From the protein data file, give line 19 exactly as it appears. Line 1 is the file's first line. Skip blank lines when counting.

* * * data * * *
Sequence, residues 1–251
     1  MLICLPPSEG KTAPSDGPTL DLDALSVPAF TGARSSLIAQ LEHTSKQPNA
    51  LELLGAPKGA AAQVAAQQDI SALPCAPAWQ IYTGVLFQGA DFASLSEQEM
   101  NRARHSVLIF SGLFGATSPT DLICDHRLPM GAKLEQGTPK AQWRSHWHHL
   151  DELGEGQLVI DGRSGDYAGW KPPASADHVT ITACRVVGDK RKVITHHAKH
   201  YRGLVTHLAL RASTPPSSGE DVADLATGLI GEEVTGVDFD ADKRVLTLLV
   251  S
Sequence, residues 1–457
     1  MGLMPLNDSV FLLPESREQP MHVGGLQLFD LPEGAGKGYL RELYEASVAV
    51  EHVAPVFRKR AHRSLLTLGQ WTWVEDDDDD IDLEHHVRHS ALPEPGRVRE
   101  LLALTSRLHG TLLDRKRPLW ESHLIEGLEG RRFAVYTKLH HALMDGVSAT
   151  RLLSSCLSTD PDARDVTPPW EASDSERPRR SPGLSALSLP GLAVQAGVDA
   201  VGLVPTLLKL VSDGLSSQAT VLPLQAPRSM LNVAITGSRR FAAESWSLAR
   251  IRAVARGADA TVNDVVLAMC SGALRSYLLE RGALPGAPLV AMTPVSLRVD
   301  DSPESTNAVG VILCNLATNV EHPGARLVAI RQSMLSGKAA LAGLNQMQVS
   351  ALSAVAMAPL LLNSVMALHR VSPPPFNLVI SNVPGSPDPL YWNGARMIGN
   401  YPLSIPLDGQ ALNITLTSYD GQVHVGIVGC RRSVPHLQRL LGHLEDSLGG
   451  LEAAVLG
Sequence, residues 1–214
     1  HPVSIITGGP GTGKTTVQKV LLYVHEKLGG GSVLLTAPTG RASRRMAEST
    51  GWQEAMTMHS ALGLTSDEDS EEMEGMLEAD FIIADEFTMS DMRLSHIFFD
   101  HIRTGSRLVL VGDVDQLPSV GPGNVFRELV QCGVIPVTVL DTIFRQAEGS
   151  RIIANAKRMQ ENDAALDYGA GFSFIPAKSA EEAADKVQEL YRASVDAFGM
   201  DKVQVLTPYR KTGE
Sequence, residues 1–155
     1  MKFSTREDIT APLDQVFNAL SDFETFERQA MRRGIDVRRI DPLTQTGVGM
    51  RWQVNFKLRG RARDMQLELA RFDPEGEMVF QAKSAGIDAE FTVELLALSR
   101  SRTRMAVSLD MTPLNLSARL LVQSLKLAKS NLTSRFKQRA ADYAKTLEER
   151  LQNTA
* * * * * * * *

Sequence, residues 1–214